Donald Trump’s administration intervened on behalf of anti-grooming gangs campaigner Tommy Robinson and expressed concerns over his safety to Britain’s ambassador to the U.S., sources claim.
Sam Brownback, President Trump’s Ambassador-at-Large for International Religious Freedom, reportedly asked Britain’s Sir Kim Darroch to treat the counter-extremism activist more sympathetically, or the U.S. administration may feel compelled to publicly criticise Britain’s handling of his case, according to two sources in contact with the organisers of a ‘Free Tommy’ demonstration held on July 14th.
Reuters, which broke the story, claimed a British official confirmed the intervention, telling them that Ambassador Brownback had raised the issue of Robinson’s imprisonment during a meeting which covered a range of “religious freedom issues”.
President Trump’s son, Donald Jr., is known to be sympathetic to Robinson’s case, describing his imprisonment as “Reason #1776 for the original Brexit” — a reference to the American colonies’ break with the mother country in the 18th century.
Officially, Robinson was sent down for contempt of court for breaking reporting restrictions surrounding certain grooming gang trials, with critics claiming that if jurors heard him express or imply a view on defendants’ guilt it could prejudice their deliberations.
Such gagging orders are essentially impossible in the United States due to the First Amendment, which prevents the state from “abridging the freedom of speech, or of the press”, with jurors trusted to exercise their personal judgement in sifting out third-party opinions and judging cases on the evidence presented in court.
— Donald Trump Jr. (@DonaldJTrumpJr) May 27, 2018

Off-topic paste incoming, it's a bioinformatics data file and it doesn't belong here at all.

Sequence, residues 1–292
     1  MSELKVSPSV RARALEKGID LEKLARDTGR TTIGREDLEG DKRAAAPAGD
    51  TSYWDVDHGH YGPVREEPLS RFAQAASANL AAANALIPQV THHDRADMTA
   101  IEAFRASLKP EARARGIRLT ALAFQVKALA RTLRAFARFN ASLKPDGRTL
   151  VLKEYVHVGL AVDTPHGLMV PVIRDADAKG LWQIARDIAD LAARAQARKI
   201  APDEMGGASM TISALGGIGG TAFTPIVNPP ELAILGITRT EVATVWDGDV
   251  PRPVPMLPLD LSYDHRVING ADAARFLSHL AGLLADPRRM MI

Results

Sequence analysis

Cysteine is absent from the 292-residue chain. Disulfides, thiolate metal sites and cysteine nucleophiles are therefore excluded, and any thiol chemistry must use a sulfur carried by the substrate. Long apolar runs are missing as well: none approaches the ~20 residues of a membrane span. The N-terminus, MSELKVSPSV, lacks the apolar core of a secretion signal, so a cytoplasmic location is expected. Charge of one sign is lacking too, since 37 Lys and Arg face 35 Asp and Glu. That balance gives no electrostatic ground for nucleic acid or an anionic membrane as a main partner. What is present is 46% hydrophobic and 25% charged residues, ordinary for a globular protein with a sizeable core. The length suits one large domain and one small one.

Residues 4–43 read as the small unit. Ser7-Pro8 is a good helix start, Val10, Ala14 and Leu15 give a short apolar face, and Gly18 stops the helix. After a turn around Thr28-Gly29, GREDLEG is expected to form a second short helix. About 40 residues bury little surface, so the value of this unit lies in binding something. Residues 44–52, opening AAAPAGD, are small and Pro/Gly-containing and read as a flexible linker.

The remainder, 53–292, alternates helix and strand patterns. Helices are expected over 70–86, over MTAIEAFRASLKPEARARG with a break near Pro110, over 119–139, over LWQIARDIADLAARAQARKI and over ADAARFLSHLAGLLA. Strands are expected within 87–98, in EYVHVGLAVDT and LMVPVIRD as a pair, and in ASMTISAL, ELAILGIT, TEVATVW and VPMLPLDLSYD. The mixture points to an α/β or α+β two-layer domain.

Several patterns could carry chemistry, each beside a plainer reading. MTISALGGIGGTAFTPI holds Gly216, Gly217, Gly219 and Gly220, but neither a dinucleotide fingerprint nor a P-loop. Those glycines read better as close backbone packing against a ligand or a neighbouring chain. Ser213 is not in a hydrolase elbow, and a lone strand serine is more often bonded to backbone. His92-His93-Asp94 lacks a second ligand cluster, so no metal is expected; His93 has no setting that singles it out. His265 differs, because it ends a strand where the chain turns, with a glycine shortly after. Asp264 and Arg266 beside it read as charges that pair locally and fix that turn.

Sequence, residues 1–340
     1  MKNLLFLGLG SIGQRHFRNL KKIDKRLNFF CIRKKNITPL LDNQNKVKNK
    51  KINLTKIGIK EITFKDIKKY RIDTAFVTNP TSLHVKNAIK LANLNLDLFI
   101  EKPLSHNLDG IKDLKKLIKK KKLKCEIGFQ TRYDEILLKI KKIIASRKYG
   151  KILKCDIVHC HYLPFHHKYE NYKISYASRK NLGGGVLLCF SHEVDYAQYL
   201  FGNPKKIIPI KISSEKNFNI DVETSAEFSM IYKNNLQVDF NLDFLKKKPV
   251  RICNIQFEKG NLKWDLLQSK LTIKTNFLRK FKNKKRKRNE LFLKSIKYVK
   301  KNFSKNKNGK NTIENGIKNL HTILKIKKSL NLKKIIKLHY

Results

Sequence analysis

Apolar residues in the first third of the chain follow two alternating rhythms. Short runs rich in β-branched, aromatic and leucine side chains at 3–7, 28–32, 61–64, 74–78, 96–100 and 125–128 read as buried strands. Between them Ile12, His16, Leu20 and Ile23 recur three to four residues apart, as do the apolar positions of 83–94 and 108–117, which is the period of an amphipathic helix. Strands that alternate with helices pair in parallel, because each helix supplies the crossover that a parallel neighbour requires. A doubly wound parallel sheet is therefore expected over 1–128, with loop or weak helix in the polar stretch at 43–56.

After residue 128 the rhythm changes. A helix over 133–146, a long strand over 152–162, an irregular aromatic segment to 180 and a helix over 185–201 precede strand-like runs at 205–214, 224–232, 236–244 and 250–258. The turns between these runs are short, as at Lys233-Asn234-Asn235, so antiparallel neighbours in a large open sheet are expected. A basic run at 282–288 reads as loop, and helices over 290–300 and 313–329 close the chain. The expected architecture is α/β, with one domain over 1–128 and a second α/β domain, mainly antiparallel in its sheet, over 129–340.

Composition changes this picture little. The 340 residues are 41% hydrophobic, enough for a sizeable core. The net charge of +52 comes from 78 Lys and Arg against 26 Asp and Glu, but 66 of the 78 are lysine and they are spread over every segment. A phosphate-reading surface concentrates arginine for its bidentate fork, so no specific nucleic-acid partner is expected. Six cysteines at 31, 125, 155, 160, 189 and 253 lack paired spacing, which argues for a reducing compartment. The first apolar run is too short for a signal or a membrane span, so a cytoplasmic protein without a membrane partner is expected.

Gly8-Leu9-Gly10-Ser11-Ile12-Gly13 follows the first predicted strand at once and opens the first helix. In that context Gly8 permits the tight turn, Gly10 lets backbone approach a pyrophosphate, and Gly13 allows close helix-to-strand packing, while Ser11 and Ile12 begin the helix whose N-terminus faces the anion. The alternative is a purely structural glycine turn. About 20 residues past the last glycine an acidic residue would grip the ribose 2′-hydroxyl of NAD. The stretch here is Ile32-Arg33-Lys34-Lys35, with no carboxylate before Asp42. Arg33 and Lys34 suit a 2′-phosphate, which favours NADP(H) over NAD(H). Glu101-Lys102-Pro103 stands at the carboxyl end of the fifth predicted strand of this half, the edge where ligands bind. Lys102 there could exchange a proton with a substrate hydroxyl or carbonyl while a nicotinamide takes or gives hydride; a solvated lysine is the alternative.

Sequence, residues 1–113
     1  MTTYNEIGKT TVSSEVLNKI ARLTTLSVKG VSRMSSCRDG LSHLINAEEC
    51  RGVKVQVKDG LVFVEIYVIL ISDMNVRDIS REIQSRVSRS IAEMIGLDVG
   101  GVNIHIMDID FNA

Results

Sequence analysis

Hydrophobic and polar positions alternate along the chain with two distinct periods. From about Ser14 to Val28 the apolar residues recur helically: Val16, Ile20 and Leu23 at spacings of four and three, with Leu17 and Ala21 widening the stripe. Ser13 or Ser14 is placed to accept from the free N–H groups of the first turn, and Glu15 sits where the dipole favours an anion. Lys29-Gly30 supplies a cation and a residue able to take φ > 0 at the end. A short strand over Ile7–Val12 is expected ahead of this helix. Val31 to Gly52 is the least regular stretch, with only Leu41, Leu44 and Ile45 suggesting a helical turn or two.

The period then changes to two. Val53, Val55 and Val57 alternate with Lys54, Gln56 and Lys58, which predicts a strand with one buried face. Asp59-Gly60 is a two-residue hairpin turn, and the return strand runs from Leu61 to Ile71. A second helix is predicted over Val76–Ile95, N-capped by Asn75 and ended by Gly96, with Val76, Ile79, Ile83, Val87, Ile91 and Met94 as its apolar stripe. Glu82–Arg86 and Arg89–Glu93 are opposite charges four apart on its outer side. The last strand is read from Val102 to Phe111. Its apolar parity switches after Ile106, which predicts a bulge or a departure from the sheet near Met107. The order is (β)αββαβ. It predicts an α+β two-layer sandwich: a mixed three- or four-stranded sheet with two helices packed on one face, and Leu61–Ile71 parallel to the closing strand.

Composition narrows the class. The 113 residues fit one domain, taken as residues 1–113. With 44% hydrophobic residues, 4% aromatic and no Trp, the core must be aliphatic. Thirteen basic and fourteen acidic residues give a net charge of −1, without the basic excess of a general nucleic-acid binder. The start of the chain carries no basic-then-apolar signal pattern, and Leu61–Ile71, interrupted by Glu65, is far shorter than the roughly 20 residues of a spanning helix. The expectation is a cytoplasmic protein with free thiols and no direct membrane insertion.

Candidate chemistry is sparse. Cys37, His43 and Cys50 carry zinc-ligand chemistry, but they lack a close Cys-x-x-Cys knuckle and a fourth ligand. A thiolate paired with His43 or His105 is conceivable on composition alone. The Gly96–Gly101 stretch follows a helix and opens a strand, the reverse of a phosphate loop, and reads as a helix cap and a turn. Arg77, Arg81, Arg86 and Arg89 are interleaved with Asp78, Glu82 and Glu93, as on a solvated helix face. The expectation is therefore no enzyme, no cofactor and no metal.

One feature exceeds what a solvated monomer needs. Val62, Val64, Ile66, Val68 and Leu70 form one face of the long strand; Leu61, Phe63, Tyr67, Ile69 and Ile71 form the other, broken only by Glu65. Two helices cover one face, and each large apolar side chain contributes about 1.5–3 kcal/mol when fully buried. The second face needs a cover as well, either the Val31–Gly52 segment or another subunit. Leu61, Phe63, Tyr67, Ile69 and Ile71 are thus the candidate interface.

A source close to the story told Breitbart London that “Free Tommy advocates in Washintgon D.C. have been in contact not just with the U.S. State Department, but with members of Congress on Capitol Hill and more,” claiming that Ambassador Brownback “heard about Tommy case and was immediately disturbed by the implications for free speech.”
Several figures on Capitol Hill have already expressed concerns over the Robinson case, with Congressman Paul Gosar, of Arizona, publicly tweeting to the President that he was “concerned about the arrest & conviction of Tommy Robinson in Great Britain,” and that the “British Gov’t seems more interested in covering up rape than seeking truth.”
Congressman Gosar later told Breitbart London: “I certainly hope the United States intervenes and speaks up over the persecution of Tommy Robinson. I think the injustice of not being able to bring light to the situation dissolves all equitable application of the rule of law.”
A spokesman for the U.S. State Department disputed the “characterizations” of Reuters’ account of Ambassador Brownback’s meeting with Sir Kim.